While on my walk through Otaru on my way to the ice cream shop I walked past a museum saying it was a stained glass museum. At first I thought, nah I don’t need to go to a museum today, but my curiosity was peaked and I realized I’d wonder what it was like if I didn’t go. I mean how does one even make a stained glass museum? It wasn’t like all the windows were stained glass from the outside. Did it have just a whole bunch of stained glass in cabinets and talk about the different styles and how it’s done? It’s something I’ve been forever curious about, especially since at one point or another my dad used to make stained glass pieces.
There’s actually a couple stained glass and glass museums on Otaru. A ton of art museums too. Which makes sense since it’s famous for glassblowing and glass arts. The one I went to was in the former Takahashi Warehouse and is part of the Otaru Art Base which includes 4 buildings that use to be former powerhouses of commerce in Otaru and Hokkaido, one of which is now a cafe and two are art museums, all with interesting architecture. You can even get a ticket that includes all of them at a discount if you’re curious and want to see them all. The other art museum is Nitori Museum of Art in a former bank with the Louis Tiffany stained glass gallery on the first floor, Japanese Modern paintings, Western paintings and sculptures, wood sculptures, and art nouveau and art deco glass and sculptures spread out on the other floors.
The one I went to was built in 1923 by Naoharu Takahashi and it stored soybeans and adzuki beans. Those are sweet red beans that are used as a filling in some pastries and desserts. Now it houses two stories of stained glass art, most of which look like they’d fit in at a church, which makes sense since they’re from the 19th/20th century England and came from churches. (They’re from the same time period as the building itself. Just from a very far away place.)
There are 140 stained glass pieces from England. It’s pretty impressive and a bit shocking when you go in and don’t know that before time. I was in a mind set of I’m in Japan, in a seaside town that is famous for glass, this must be all local art. Only to be like wow, this is a lot of religious art in European style, must all be one artist. But no, they’re all rescued from torn down churches.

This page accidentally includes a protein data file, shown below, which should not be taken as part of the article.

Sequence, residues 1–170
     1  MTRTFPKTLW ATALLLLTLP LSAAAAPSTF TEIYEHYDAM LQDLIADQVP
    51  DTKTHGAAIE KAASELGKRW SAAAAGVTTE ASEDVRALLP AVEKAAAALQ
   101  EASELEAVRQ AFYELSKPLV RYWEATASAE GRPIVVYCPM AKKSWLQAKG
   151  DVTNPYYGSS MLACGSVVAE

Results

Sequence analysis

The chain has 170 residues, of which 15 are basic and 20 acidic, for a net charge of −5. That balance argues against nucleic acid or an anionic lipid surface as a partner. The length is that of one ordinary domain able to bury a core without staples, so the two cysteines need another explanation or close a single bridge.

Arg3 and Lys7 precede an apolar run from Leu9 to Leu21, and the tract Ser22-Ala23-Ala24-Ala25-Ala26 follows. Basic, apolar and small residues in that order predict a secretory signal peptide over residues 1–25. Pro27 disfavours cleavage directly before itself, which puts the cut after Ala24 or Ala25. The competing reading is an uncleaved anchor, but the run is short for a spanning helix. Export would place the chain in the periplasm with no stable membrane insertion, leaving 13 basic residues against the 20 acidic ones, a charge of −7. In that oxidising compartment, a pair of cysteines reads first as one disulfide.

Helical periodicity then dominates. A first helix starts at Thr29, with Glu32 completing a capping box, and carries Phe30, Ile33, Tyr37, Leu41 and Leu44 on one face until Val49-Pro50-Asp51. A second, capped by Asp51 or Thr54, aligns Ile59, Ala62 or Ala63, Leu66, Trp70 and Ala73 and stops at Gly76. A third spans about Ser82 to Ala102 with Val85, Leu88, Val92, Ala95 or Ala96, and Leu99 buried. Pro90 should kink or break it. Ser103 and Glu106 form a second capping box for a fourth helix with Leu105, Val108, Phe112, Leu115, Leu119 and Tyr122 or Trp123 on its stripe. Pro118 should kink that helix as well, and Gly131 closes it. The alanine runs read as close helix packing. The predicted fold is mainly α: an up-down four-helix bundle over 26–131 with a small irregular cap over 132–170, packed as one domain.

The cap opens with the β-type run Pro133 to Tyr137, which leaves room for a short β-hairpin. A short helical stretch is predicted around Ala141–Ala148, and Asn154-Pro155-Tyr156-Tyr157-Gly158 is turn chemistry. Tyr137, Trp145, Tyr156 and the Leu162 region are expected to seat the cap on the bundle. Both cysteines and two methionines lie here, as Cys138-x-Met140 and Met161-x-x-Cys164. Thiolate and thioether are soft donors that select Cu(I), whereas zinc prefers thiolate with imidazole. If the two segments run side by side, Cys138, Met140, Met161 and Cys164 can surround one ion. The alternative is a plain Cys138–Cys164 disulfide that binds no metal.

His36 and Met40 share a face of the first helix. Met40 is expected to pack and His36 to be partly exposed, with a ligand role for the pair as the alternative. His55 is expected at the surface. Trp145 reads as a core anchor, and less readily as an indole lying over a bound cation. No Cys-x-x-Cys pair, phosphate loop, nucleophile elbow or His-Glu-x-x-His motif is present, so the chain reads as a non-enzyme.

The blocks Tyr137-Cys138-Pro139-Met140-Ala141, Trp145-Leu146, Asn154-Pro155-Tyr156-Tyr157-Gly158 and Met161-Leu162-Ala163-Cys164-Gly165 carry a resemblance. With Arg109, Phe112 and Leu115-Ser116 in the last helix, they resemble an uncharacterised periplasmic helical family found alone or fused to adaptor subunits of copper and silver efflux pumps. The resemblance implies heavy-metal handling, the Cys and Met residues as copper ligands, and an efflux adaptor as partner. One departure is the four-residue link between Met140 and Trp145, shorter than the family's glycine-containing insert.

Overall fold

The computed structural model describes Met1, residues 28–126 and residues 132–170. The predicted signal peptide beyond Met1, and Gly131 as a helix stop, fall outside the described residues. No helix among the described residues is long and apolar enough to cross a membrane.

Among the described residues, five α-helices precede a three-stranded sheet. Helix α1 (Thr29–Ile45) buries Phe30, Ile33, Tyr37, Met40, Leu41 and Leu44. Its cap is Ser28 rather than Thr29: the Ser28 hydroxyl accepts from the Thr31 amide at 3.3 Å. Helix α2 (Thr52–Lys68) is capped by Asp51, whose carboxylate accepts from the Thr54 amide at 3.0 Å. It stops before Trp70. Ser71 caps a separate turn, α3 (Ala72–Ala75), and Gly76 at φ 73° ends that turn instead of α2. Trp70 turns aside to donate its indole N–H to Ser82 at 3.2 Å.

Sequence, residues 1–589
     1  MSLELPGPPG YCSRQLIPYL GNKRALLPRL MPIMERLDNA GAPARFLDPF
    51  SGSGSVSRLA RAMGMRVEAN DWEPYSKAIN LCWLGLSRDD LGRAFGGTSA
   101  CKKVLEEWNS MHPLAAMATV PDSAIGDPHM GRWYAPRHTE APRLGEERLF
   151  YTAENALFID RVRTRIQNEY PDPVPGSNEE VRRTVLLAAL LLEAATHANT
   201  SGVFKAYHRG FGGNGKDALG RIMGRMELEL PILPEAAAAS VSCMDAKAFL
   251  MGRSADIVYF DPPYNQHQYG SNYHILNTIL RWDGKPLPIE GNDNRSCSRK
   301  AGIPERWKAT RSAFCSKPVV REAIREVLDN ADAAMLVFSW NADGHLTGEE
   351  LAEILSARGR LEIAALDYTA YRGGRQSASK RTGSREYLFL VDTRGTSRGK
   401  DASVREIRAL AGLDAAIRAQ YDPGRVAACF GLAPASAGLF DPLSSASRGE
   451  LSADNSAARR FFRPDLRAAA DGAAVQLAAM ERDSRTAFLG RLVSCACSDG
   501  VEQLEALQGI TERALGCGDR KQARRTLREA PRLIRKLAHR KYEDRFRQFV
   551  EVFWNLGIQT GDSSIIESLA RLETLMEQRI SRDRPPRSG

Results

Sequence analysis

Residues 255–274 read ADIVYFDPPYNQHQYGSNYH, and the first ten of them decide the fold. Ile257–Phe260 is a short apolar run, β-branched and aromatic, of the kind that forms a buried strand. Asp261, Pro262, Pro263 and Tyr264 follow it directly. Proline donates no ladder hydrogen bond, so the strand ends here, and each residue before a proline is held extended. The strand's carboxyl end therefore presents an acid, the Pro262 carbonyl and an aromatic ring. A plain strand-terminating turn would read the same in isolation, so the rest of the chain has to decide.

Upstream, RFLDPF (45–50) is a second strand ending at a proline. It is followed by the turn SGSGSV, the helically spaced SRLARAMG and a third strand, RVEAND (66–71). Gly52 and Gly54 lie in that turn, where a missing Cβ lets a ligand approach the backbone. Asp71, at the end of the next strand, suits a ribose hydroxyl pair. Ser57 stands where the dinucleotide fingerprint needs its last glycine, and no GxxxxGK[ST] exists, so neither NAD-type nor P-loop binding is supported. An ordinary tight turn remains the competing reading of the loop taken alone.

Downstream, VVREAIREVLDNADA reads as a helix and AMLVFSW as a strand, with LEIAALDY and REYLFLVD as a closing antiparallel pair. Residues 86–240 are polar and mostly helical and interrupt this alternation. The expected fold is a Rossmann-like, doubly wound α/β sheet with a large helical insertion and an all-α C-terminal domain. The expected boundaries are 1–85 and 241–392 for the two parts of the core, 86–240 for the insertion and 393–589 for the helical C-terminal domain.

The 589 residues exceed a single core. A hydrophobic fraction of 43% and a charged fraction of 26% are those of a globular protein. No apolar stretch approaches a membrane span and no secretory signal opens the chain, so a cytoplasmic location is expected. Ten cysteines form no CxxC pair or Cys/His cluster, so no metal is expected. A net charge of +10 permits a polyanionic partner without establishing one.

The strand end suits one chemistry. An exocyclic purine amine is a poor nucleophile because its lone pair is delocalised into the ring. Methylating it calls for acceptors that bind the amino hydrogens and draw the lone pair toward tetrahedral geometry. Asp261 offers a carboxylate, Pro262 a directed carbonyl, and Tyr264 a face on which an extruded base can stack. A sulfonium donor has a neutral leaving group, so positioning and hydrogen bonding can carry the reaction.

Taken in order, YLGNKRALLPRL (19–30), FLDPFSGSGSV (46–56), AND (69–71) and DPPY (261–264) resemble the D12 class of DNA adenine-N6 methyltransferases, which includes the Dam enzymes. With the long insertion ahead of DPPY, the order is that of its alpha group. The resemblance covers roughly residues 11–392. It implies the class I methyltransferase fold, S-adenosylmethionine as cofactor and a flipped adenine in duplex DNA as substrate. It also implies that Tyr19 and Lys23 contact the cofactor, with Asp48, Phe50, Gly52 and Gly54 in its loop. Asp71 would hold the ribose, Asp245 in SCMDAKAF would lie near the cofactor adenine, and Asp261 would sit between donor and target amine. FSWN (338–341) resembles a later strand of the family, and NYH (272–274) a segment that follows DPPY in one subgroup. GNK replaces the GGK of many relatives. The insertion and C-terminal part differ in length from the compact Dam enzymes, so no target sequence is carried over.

It’s really cool to walk around and look at the stained glass. I don’t think I’ve ever seen some place focus solely on stained glass and with such attention to displaying it. Usually it’s art found in a building and is some sort of window so you have to usually look up and hope the light is coming through to enjoy the full effect. But all of these are in a dim museum and back lit so they always have ample light shining through. And you walk fairly close up to them. On the second floor (there is an elevator or you can take stairs) they go through the supplies and steps in which these were made. I thought it was very cool to see how an artist might go about planning a piece and then looking at the tools.
Another fun thing was that the roof and the walls are all wooden and when glancing up I saw a sign.
Apparently some sparrows had made a nest in the rafters and their eggs had just hatched. Rather than trying to shoo them out the museum instead was trying to coexist and warn people to not be concerned if the birds started chirping or if they heard noises. However, this also means, whether they know it or not, that this is going to be a new yearly problem depending on the sparrows. I grew up with sparrows that would live in our barn, and every year everyone returned to their nests, which meant all the kids piled into the same nest that they were babies in with their parents and you’d just see these crammed and cramped nests as everyone tried to share the same one before eventually making their new ones for their babies.
I had a lot of fun walking around the Stained Glass Museum. It’s really done in a way I’ve never seen a museum done before. The Stained Glass Museum tickets (for only this museum) are about 700 yen. The museum is open from 9:30am until 5pm. They stop selling tickets at 4:30pm.
2 thoughts on “Otaru Art Base: Stained Glass Museum ステンドグラス美術館（旧高橋倉庫）”
Hello – we’ve just viewed the stained glass museum and it is a beautiful display, and as you wrote quite surprising. We also expected local art. I understand that the works were rescued from England but do you know more of the story? All I could find was a quote on the website “by a strange twist of fate”. Were the windows from churches destroyed in WW2? If so when and how did they end up in a far away fishing town?
Hello Andrew. I’m currently in the process of getting a friend’s help to e-mail the company and see if I can find out. Once I know I will update the post and let you know. It’s something I’m also very curious about.